‘Transcendental idealism: what we take to be external world-in the cosmic sense- about us, with us in it, only appears to us like that because that is the way our cognitive apparatus presents it to us, not because Reality is in itself really like that. We are unable to see Reality as it is in itself because we cannot transcend our cognitive apparatus. But we only experience the world at all because Reality is there: what we are experiencing is our interpretation of a transcendentally existent reality. In fact, being transcendent of the entire framework of our conceptual categories, Reality itself can properly be indicated only apophatically- even the notion of existence being problematic in this respect in that the properties so predicated are meaningful only within our conceptual framework.’

‘The experiential world as a whole, in which all subjectivities and the whole of objectivity are as it were parts of what is dependently originated, is dependent- period. And it follows from this that there must be something else. There must be a Reality which is transcendent of experience on which the experiential world is dependent.’

‘Voidness or emptiness of the world is understood as regarding permanence, of the independence we erroneously assume it to have. This is related to the sensory process as it does, the point is not that something does not exist, but that the notion of independence is a product of the subjectively dependent cognitive structuring of the world.’

‘The correlation of the structure of the empirical world with subjective cognitive processes informs us that the limits of the empirical world as we know it are associated with the limits of cognition as we know it.’

‘This is what experience is: neither the world nor ‘I’ in it are other than experience. Cognitive processes are experiences as a whole subjective/objective correlation.’

‘The status of the world is dependently originated and therefore not understandable in terms of existent or non-existent. The reality of experience is experiential. The reality of Reality is unknowable in –normal- experiential terms.’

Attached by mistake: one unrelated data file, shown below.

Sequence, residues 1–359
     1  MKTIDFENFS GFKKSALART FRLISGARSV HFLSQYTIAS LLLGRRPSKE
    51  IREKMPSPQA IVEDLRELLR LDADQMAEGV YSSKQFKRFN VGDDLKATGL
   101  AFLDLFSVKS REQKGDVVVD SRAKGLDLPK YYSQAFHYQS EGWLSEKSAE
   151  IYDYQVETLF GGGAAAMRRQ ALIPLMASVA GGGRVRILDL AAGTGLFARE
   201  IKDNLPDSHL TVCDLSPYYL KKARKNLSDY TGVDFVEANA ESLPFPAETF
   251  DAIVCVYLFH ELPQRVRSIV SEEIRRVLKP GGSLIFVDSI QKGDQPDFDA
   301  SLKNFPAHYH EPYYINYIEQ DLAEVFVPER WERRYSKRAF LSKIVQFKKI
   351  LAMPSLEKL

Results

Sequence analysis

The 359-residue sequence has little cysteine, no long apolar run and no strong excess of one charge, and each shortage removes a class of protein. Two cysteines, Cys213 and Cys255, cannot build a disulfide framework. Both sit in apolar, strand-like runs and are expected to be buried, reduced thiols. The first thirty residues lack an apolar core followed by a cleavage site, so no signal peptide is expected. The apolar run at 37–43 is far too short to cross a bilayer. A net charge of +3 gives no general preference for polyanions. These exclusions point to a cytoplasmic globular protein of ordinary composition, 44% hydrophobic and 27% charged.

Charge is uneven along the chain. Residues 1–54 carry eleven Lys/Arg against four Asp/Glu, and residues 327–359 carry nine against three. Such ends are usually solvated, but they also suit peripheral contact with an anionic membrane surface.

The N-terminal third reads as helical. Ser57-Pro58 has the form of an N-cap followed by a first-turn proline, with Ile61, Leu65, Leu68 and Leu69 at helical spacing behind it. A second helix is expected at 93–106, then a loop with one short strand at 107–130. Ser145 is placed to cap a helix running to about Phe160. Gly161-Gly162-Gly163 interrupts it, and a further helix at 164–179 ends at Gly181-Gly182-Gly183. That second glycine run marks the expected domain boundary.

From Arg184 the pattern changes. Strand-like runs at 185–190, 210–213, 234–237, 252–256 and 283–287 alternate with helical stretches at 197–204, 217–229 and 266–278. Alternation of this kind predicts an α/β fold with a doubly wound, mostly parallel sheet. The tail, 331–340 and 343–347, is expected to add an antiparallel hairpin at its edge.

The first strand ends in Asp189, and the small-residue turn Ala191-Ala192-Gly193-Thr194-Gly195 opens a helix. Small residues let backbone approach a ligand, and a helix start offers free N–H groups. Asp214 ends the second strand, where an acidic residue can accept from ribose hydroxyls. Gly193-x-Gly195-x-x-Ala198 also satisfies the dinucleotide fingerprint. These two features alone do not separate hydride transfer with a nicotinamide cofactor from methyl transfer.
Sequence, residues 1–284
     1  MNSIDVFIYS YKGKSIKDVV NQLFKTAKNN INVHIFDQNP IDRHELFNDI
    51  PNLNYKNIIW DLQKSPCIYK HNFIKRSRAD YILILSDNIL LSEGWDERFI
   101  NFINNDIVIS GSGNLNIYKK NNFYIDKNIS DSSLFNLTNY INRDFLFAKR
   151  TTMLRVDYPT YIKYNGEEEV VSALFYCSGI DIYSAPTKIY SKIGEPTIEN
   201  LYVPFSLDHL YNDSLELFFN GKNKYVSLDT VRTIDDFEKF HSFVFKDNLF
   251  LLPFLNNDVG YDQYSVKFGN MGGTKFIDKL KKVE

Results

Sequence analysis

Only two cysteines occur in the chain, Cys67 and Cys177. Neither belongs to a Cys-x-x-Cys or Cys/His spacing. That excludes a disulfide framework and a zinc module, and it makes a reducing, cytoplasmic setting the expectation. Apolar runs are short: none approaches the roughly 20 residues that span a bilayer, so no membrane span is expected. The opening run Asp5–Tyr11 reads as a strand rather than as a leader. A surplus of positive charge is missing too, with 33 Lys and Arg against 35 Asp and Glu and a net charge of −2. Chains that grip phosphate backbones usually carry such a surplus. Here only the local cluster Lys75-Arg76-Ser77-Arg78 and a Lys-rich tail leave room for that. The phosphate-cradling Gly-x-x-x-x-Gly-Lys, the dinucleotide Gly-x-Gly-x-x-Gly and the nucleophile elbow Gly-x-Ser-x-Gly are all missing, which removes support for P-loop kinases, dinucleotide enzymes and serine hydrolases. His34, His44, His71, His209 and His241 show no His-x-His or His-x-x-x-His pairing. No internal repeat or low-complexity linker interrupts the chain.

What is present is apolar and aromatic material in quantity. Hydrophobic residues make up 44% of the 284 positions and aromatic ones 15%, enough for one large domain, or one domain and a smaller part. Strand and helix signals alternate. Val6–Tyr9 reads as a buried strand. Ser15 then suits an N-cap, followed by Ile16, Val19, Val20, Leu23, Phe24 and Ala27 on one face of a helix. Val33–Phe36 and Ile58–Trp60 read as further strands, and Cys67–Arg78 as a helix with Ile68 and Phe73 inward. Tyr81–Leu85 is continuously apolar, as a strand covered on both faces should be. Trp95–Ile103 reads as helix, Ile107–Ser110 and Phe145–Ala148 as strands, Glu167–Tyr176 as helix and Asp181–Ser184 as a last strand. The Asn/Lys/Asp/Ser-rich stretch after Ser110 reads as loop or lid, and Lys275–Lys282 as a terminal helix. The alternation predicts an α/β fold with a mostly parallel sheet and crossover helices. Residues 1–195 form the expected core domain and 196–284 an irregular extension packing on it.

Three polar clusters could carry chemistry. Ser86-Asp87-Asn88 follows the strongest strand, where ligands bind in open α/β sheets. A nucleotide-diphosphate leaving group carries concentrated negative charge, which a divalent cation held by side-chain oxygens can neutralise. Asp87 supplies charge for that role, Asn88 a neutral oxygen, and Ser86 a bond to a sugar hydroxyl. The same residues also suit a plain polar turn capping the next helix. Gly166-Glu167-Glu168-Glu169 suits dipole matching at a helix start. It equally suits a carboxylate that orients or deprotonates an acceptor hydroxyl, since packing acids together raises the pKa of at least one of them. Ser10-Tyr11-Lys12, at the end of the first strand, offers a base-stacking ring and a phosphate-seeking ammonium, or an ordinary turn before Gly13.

‘Earthly or worldly existence is characterisized according to the name and form structure. …those who have achieved enlightenment still see, know and so on. That what is different about them is not that their cognitive structure no longer operates, but they have achieved insight into what is happening, are are no longer affectively responding to their experiences in a binding way. Such statements as ‘the cessation of consciousness’ should…be taken metaphorically to refer to the cessation of ignorance.’

‘…if the structure of the world of experience is correlated with the cognitive process, then it is not just that we name objects, concrete and abstract, and superimpose secondary characteristics according to the senses. It is also that all the structural features of the world of experience are cognitively correlated. In particular, space and time are not external to the structure but are part of it. …there is no such thing as experience as we know it that is not characterized by space and time.’

‘If the entirety of the structure of the world as we know it is subjectively dependent, including space and time, it follows that the very concept of there being origins, beginnings, ends, extents, limits, boundaries, and so on, is subject dependent. The entirety of temporality and special extension are concepts which do not operate independently of subjective cognitive processes. The entirety, that is to say, of dim and distant history, and of the furthest flung regions of outer space – the entirety of whatever is knowable in temporal and special terms – is not independent of subjectivity. The framework within which is meaningful is in a very real sense a conceptual one.’